-by Barnabas Esiet
Regulatory agencies in the country are reviewing their supervisory strategies to contain the socio-economic menace triggered by the COVID-19 pandemic.
Managing Director/ Chief Executive of The Nigeria Deposit Insurance Corporation (NDIC), Umaru Ibrahim, disclosed this at a workshop for financial journalist in Kaduna with the theme: “COVID-19 & FinTech Disruption: Opportunities & Challenges for Banking System Stability and Deposit Insurance”.
“The threat of recession, increased national debt, increase in non-performing loans and potential financial crisis has put pressure on regulators to reassess their supervisory activities to strengthen their capabilities to address these challenges and forestall financial crisis.” He said.
Ibrahim reaffirmed NDIC’s readiness to collaborate with strategic stakeholders in the financial industry towards creating awareness and maintaining financial system stability in Nigeria.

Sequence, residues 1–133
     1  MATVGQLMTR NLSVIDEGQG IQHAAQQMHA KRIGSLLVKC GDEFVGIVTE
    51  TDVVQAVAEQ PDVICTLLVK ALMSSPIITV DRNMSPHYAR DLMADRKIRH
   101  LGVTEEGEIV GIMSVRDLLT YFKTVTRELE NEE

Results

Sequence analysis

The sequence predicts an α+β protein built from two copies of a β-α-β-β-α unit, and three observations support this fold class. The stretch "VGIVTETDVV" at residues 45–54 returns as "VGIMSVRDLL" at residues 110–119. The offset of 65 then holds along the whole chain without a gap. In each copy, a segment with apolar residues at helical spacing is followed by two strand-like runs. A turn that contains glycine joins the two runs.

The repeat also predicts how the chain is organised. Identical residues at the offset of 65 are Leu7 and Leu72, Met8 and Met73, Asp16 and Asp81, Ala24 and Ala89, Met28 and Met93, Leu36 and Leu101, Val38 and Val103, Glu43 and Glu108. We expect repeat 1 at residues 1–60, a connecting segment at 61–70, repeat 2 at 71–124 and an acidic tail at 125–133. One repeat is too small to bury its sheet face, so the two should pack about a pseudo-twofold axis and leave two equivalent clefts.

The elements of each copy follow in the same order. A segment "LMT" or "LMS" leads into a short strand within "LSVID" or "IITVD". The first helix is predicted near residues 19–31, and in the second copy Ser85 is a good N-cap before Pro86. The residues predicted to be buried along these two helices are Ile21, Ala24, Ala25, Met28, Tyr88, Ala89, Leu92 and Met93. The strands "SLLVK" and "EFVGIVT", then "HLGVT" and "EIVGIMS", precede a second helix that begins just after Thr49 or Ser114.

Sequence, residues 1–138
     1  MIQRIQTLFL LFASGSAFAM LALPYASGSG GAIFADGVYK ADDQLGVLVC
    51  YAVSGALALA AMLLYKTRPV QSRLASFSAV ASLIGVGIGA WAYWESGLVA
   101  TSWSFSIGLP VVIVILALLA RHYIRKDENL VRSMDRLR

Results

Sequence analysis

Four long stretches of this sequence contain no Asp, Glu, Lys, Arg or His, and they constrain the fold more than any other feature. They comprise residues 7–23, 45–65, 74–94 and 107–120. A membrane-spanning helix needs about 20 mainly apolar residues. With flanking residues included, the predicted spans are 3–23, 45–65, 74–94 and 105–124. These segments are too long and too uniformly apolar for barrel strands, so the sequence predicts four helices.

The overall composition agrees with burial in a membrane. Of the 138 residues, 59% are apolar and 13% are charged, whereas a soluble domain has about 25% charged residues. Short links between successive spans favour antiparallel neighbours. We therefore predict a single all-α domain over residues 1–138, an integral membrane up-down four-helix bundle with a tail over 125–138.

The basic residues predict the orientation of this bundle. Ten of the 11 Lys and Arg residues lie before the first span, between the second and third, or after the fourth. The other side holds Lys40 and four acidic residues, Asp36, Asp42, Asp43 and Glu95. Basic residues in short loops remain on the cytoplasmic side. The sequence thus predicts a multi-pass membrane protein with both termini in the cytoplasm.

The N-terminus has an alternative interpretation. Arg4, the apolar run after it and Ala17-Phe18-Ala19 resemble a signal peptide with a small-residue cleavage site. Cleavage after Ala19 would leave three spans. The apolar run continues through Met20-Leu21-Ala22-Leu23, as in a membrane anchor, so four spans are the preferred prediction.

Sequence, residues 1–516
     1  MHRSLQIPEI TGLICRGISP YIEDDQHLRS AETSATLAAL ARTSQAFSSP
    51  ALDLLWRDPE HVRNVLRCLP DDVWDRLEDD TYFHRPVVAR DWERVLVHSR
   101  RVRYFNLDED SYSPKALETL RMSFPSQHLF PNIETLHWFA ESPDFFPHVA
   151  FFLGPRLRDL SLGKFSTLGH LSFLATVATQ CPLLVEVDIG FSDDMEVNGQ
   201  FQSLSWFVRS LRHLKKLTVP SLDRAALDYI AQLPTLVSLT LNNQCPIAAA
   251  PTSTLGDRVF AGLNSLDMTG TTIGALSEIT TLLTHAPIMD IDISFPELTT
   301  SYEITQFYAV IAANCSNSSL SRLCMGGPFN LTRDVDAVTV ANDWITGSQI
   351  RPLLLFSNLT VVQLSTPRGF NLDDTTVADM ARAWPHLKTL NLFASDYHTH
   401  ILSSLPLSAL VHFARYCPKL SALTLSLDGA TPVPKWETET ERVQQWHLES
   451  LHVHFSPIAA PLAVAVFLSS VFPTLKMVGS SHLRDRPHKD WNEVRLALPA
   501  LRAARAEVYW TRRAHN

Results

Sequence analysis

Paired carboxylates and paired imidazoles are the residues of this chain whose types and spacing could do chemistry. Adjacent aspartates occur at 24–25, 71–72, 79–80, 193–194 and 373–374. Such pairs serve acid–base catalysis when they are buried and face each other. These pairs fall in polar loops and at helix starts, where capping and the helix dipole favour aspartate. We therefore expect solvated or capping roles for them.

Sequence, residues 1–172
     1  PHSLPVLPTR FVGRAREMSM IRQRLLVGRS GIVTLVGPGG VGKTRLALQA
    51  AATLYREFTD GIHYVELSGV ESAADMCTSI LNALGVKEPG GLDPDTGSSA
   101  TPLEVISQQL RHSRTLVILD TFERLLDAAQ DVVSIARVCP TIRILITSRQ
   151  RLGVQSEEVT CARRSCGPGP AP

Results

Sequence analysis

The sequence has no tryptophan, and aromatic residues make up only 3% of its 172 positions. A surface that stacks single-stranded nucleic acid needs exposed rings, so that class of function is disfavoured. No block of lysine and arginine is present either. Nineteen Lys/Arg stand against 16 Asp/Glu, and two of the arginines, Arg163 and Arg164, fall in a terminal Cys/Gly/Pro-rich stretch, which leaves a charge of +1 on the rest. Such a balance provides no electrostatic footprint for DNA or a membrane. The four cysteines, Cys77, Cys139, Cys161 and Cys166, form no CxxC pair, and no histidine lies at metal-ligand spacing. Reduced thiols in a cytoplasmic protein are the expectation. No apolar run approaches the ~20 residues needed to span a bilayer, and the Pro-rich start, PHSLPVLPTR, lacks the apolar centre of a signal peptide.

Ibrahim said FinTech, which is simply the common term used to describe the technology (internet, mobile devices, software app, cloud services and many more), is central to delivering important financial services that were exclusive to traditional financial institutions.
He however, noted that despite promising innovation and economic growth through disruption of traditional finance, Fintech disruptive financial services such as chip-based debit/credit cards, mobile and web-based payments cloud computing also pose a major challenge to the regulatory model.
“There are two main concerns for the Corporation on Fintech: these are how to identify and insure non-bank deposit taking institutions licensed by CBN and other Agencies … the second is how to tap into the potentials of Fintechs to effectively execute its business processes easily, speedily and reliably.” Ibrahim noted.